Exonerations Change How Justice System Builds a Prosecution
Thursday, May 3, 2007
Jerry Miller is the newest poster child of the wrongfully convicted, the 200th to be exonerated by DNA evidence -- after he spent 25 years behind bars in Illinois for a rape he did not commit.
But Miller, a black man, hardly stands out in the crowd of the exonerated. Of the 200 people whose convictions have been overturned as a result of DNA evidence since 1989, 60 percent have been black or Latino, according to the Innocence Project, a liberal organization that works to free the wrongfully convicted. Of those exonerated after a rape conviction, 85 percent were black men accused of assaulting a white woman.
In contrast, black men are accused in 33.6 percent of rapes or sexual assaults of white women, according to a 2005 Bureau of Justice Statistics study of victims.
"What it says to me is that, ultimately, if you are a black man charged with sexually assaulting a white woman, the likelihood that you will be convicted, even if you are stone-cold innocent, is much, much higher," said Peter J. Neufeld, a co-director of the Innocence Project who asserted that the 200 exonerations "are the tip of the iceberg."
The overturning of convictions based on DNA evidence is prompting changes in criminal procedures that reach beyond race. States and cities are starting to enact or consider laws to change decades-old police methods such as eyewitness identifications and police interrogations that lead to confessions.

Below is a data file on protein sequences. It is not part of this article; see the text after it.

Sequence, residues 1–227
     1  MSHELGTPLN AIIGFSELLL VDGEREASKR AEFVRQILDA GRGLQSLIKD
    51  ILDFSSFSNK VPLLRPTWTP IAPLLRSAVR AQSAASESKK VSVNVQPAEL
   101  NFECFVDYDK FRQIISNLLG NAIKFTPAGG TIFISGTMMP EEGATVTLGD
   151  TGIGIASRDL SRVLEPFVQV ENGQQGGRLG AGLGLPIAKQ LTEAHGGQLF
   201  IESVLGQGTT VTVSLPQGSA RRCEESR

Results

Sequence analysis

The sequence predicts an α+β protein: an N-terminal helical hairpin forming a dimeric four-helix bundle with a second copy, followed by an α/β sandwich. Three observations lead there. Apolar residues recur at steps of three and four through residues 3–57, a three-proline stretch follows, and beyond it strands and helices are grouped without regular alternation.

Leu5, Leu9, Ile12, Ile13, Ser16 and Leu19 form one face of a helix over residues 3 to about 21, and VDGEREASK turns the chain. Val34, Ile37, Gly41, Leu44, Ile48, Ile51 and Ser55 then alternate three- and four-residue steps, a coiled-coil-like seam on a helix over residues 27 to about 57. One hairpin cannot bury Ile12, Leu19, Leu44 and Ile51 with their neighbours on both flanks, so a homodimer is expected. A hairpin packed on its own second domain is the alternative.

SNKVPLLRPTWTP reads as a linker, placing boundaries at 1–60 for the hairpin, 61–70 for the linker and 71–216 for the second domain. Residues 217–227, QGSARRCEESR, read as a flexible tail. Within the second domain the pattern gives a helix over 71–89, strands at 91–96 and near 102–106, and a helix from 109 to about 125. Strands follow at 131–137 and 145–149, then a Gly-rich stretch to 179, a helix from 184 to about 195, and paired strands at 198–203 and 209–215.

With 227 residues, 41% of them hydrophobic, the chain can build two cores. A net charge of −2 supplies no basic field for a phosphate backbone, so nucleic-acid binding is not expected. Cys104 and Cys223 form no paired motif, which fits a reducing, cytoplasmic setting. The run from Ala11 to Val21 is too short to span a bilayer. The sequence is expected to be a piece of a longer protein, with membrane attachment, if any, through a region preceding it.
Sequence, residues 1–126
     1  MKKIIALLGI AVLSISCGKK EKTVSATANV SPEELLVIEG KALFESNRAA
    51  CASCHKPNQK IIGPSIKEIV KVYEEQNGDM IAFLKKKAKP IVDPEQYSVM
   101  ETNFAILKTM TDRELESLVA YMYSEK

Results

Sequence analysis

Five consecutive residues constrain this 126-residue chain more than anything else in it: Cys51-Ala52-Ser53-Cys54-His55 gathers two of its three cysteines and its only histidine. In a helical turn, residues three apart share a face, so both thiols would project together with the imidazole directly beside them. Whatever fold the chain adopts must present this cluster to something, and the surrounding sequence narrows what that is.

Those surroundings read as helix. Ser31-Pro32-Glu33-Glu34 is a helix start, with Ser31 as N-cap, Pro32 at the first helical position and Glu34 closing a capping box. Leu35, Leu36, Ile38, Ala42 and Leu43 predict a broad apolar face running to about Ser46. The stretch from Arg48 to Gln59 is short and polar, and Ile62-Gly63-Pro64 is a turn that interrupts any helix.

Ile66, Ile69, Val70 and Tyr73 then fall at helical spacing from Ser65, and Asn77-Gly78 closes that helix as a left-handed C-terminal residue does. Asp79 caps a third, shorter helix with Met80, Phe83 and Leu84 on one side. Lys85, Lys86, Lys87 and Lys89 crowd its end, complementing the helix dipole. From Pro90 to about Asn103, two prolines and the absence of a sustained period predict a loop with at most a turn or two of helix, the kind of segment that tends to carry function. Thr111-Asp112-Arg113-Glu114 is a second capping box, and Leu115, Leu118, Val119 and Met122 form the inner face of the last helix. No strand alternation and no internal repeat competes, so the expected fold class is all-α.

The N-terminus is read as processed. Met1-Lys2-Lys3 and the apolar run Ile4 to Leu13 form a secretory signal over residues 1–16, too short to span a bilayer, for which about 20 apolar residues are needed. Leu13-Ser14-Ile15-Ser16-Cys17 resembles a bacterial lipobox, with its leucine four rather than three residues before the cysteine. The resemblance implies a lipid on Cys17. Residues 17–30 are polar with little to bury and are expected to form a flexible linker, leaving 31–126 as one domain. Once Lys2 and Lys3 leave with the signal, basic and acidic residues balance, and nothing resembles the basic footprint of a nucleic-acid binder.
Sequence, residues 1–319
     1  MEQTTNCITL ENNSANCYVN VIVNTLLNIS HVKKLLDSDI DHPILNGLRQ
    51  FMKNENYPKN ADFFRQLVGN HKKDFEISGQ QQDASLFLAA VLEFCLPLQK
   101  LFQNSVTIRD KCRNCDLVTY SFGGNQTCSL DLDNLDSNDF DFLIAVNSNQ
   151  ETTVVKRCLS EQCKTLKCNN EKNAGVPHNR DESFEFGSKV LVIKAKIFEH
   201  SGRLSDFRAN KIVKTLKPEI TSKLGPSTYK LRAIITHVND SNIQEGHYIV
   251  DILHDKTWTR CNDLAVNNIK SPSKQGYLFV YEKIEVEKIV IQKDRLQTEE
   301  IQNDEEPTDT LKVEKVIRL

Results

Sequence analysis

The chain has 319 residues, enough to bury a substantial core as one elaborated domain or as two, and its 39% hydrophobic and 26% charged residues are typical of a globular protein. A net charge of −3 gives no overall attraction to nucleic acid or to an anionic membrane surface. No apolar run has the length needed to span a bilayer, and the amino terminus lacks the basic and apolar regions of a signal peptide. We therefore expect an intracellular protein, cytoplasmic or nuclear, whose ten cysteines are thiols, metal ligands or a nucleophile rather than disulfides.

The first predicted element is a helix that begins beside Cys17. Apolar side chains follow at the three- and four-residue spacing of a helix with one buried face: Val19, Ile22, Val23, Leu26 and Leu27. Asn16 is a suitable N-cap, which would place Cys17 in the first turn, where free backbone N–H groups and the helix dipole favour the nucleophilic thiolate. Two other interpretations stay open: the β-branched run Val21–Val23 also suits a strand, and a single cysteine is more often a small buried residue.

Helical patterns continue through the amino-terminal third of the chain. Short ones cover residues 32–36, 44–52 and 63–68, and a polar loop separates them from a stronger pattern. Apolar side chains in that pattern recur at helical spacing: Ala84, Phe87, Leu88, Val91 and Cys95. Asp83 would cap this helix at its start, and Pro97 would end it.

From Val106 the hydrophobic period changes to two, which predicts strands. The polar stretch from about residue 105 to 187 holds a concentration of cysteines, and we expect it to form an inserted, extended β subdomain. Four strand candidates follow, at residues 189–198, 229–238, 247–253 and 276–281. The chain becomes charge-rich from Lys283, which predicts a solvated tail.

"The exonerations have been an extremely important force in getting the legal system to recognize there's a problem," said Gary L. Wells, an Iowa State University psychology professor whose research led to new practices in eyewitness identification. "I've been working at this for 30 years, and before DNA they pretty much ignored the studies."
In New Jersey, where four convictions were overturned by DNA evidence, the state attorney general issued a directive requiring law enforcement agencies to electronically record police interrogations for all violent crimes to guard against false confessions, said Paul H. Heinzel, a deputy attorney general for the state.
At least 500 smaller police jurisdictions have begun to tape confessions, and 20 states -- including Maryland, Virginia, California, Florida and Tennessee -- are considering it.
"Police and prosecutors I've talked to thought it was a good thing," said Sen. Amy Klobuchar (D-Minn.), a former county prosecutor whose state started taping 11 years ago, after a ruling from its supreme court. "It builds police credibility. People talked about it being too expensive. But I would put buying a cheap tape over paying some of these multimillion-dollar wrongful-conviction judgments any day."
New Jersey also led the way in discarding the old police lineup, in which victims and witnesses identified suspects first from an array of photographs and later from an in-person lineup as detectives intent on solving the case stood by, sometimes offering encouragement. The state now presents individuals -- in person or in photos -- one after the other so witnesses cannot compare one member of a lineup to another, making relative judgments "about which individual most looks like the perpetrator," according to guidelines set by the New Jersey attorney general.
Bad eyewitness identifications contributed to 75 percent of wrongful convictions in cases that were overturned by DNA evidence, according to the Innocence Project. Georgia, West Virginia, Connecticut, New Mexico and Texas, where 25 convictions were overturned by DNA evidence, are now considering legislation that would similarly change eyewitness identifications.
Miami is considering an overhaul of its procedures, said John F. Timoney, chief of police. The city now videotapes all confessions. DNA evidence is tested in every rape case. The city has collected more DNA evidence than its labs can test. Timoney said he is in discussions with the district attorney over whether to implement a sequential process for eyewitness identification.